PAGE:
Retailers pay £1.1bn to accept customer payments – BRC data

Retailers pay £1.1bn to accept customer payments - BRC data
While card payments account for 4 in every 5 pounds spent in retail, they also incur the largest charges.
// Retailers spent £1.1bn to accept payments from customers in 2019
// The BRC & other trade bodies call for action to tackle excessive card costs as a gov’t call for evidence on payments closes today
// BRC Payments Survey shows a continued move from cash to cards in retail

Retailers had to spend more than £1 billion last year to accept payments from customers, prompting calls for the government to tackle excessive card costs.

According to the BRC’s latest Payment Survey, card use continued to rise steadily from 54 per cent of transactions in 2016 to 61 per cent in 2019.

This trend has accelerated due to the coronavirus pandemic, which lead to more customers shopping online or paying by card in store, although the BRC could not reveal exact figures for 2020 as yet.


Meanwhile, the cost to retailers of accepting payments reached £1.1 billion in 2019, of which £950 million was from card payments.

While card payments account for 4 in every 5 pounds spent in retail, they also incur the largest charges.

Shops were charged an average of 18.4p per credit card transaction, up 15 per cent from 2016, and 5.9p for every debit card transaction, up six per cent from 2016.

Furthermore, retailers have received notices in the past year of new fees that will now be charged to accept payments online.

The BRC said that the increasing scheme fees place further pressures on retailers, especially as they face growing costs as a result of Brexit and coronavirus.

It added that these costs, equivalent to £40 per household, would “ultimately” be reflected in consumer prices.

The data prompted the BRC to team up with British Independent Retailers Association (Bira), Association of Convenience Stores, Federation of Small Business (FSB) and UKHospitality to call on the government to tackle increasing scheme fees.

The calls come amidst a series of reviews underway by government and the UK’s Payment System Regulator, with a Treasury consultation on the payments landscape closing today.

Organisations are also calling for further measures to protect consumers’ access to cash, which remains an important method of payment, particularly for many vulnerable people.

“With card payments accounting for almost 80 per cent of retail sales, it is vital that the government takes action to tackle excessive card costs,” BRC head of finance policy Andrew Cregan said.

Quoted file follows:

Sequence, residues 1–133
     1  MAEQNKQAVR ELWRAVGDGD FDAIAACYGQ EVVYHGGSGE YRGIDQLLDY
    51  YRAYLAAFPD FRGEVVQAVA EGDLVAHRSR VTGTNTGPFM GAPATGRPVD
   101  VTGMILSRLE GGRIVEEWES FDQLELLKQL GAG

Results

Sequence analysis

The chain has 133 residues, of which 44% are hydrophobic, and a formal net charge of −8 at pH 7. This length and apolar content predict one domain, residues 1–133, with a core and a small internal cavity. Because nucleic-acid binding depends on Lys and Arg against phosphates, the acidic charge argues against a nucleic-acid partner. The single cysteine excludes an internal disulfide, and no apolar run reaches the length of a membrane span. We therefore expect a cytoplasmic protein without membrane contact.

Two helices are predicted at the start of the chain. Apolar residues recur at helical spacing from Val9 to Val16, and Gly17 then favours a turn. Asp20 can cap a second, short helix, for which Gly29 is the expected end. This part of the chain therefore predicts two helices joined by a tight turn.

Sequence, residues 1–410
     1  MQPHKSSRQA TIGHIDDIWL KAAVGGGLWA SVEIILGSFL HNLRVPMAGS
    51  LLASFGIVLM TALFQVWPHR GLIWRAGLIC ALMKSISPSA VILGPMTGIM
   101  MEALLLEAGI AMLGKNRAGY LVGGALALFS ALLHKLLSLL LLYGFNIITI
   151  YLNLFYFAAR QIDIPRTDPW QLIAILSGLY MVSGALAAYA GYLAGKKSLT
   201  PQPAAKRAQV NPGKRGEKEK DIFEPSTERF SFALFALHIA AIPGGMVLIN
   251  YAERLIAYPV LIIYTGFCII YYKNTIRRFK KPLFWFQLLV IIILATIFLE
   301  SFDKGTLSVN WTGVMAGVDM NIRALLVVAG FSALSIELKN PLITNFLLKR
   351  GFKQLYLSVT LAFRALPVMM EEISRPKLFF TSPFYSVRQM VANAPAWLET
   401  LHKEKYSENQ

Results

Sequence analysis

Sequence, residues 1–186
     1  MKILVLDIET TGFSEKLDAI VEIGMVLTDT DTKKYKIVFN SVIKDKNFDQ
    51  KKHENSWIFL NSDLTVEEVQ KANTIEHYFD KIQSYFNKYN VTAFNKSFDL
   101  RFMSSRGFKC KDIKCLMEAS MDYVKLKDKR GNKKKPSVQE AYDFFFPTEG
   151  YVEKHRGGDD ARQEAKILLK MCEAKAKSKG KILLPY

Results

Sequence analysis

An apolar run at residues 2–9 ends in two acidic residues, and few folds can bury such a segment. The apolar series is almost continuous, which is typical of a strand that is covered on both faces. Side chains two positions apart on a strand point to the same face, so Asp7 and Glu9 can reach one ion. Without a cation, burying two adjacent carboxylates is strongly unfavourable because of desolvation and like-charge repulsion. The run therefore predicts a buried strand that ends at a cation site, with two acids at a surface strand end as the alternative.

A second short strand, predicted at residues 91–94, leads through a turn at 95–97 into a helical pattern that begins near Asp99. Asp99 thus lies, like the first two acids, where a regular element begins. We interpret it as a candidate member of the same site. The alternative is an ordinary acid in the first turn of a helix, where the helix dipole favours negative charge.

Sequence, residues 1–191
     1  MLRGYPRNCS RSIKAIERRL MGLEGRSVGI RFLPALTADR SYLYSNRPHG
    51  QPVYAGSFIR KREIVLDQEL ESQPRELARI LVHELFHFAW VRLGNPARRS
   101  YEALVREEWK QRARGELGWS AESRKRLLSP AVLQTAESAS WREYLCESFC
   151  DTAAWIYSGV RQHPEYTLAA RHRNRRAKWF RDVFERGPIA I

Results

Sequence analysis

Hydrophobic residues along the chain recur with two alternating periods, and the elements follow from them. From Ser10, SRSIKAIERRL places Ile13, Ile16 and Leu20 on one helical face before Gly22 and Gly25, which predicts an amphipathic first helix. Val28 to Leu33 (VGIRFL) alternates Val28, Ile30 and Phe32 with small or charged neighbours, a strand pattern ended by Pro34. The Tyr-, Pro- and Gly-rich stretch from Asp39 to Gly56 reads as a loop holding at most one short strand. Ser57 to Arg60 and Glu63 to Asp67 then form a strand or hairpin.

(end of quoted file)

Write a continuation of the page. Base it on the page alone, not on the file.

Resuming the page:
“Without action we will see businesses put under further pressure and it will be consumers who are forced to pay the price.”

Bira commercial director Jeff Moody said: “The contracts available to large national chains are often not available to individual smaller independent retailers, with card transactions now the majority of their payment transactions, these costs are therefore being felt by consumers.”

Association of Convenience Stores chief executive James Lowman said: “The way that customers pay in convenience stores is continuing to diversify and the costs that must be met by retailers to provide these options are rising.

“Recent years have seen the financing of ATMs undermined, causing many machines to become fee-charging regardless of retailer preferences, and some parts of card fees double for retailers.

“There are two priorities for retailers here: everyone would benefit from a restored national network supplying access to cash, and action is needed to allow retailers to effectively find the best deal and switch card payments providers.”

FSB national policy and advocacy vice chairman Martin McTague said: “The costs that accompany acceptance of card payments represent yet another overhead for embattled small retailers.

“We urgently need to see moves to make card terminals more affordable, improve connectivity so all firms can install them, and upskill business owners so they are confident in taking contactless payments – undoubtedly the safest way to pay in this climate.

“We also have to protect access to cash for as long as consumers want and need it.

“Achieving that aim will require creative solutions from ATM providers, substantial investment in the Post Office and more freedom around in-store withdrawals.

“Let’s not forget that cash serves both as an important back-up for when card systems fail and a competitor to the handful of providers that dominate the card payment market.”

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